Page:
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The Department of Tangents Podcast


Years ago, playing a sort of improv game with friends in which we all picked super powers based on our personalities, I dubbed myself “Tangent Lad.” I was not a very strong superhero, and I could not defeat a super villain on my own, but I could distract them with Monty Python quotes and football trivia. I have many times since apologized to an interview subject in my capacity as a journalist by saying, “I am either very good or very bad at tangents, depending on how you feel about tangents.”

I had a rough time coming up with the concept and naming this blog/podcast. I knew I wanted to create a place where I could address things I’m passionate about – comedy, music, and horror. Finding a name that communicated all three of those things proved a bit impossible. I bugged my friends, and they all tried to help. To no avail. Then I thought, maybe I’m approaching this from the wrong angle. Maybe my lack of focus should be the focus.

As a journalist, I have written for The Boston Globe since 2000, starting out writing CD reviews and then writing a regular column on comedy for seven and a half years. I still contribute there, and to Kirkus Reviews, and other publications. I’m also a musician, and released my debut full-length album, Blue Skies and Broken Arrows, in March of 2015. And I’ve been publishing short horror fiction for a couple of years.

I like to climb into things I love and see how they operate. That’s what the Department of Tangents is for. I’ll be writing regular features, essays, and news bits about the big three – comedy, music, and horror – and offering clips from people I’ve taped interviews with over the past nearly twenty years of writing. Some of the best parts of the interviews I’ve done have been completely off-point and inappropriate for print. I’ll get to explore more of that here. I’m also hoping to convince some friends to tell me about the things they love that I might not even know about, and pass that along to you.

The DoT podcast might be short or long, depending on where the conversation leads. You cant purposefully create an interesting tangent in conversation – it has to happen naturally. But I can confidently forecast that there will be moments in the individual podcasts where things veer off wonderfully.

The main thing here is love. To write about the things that make I’ve loved forever, and some new things that might stand the test and be around, at least for me, for decades to come. I’ve had to be critical in my writing at times, and it might not all be nonstop roses here, but in the end, what I really want to talk about is the good stuff. That’s why I will regularly write about things I think are “Perfect,” even if someone can demonstrate empirically that they are flawed. Still perfect to me.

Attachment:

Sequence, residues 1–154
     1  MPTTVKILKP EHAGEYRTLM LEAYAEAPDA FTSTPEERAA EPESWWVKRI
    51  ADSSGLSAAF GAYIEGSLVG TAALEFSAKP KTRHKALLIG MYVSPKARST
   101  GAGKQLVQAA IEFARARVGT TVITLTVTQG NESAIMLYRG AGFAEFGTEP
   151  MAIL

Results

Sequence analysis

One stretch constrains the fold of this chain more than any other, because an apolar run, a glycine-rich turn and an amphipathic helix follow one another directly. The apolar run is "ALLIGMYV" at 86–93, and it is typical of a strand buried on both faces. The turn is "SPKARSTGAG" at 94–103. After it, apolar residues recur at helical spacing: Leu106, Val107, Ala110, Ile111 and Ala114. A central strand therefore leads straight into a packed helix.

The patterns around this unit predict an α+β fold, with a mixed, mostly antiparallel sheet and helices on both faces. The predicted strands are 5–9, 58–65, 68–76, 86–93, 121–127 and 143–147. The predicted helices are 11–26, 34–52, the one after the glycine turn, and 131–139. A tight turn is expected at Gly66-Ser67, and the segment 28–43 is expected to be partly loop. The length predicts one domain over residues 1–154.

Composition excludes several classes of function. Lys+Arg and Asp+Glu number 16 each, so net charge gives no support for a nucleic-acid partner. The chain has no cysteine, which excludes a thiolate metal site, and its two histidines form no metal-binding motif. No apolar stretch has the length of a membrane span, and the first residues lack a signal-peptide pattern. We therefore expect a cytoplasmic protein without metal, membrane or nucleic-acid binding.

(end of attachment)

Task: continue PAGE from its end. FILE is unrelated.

Also, fish.

I hope you, dear anonymous surfer person, will come to expect only the highest-quality, free-range, grass-fed tangents. And I hope some of you love the same things I do and find it useful. Or at least a welcome distraction until the others get here.

Sep 21, 2017

When I started reading Nate Dern’s new book, Not Quite A Genius, I was expecting a collection of comic personal essays, that being a popular format at the moment. I got that in pieces about being a minor reality television star and hipster vegetarianism, but I also got strange stories about insomnia and dream killers, a piece about the lifespan about a computer becoming self-aware and having an immediate existential crisis. Some of them are silly, some of them are political and pointed at subjects like anti-vaxxing and global warming. At times in Genius, Dern will open in first person, and you have to wonder if he’s writing as himself or if we’re going to find out a few paragraphs down that the narrator is a robot or a vampire. And it makes for a wonderfully disorienting transition from piece to piece.

    

Dern is a writer first, a senior writer at Funny Or Die, but he’s also an actor and a director – he’s had walk on parts in Gossip Girl and Boardwalk Empire, and he directed some short films to promote the book as he was writing it and appears in some Funny Or Die shorts. You can see one of those next month in the Department of Tangents Second Annual Daily Horror Film Fest. Dern is also a stand-up comedian and an improviser, and was formerly Artistic Director at the Upright Citizens Brigade Theater in New York. He’s been a lot of things, but before starting work on the book, he was not a personal essayist. In this interview, he mentioned how he wrote these essays at the request of his editor. Now he’s hooked, so don’t be surprised if you see more of that from him in the near future. If that doesn’t appeal to you, you can ask to read the dissertation he’s working on at Columbia, part of his plan to eventually land a teaching job.

After the interview, stick around for a new track from Corin Ashley, next week's podcast guest, from his new album Broken Biscuits. Ashley recently stopped by the newly constructed Podcast Kitchen in Lynn, Ma to talk about the album and his experience as a stroke survivor. The track is called “Magpie Over Citadel,” and you can find the album on iTunes and wherever you buy good music.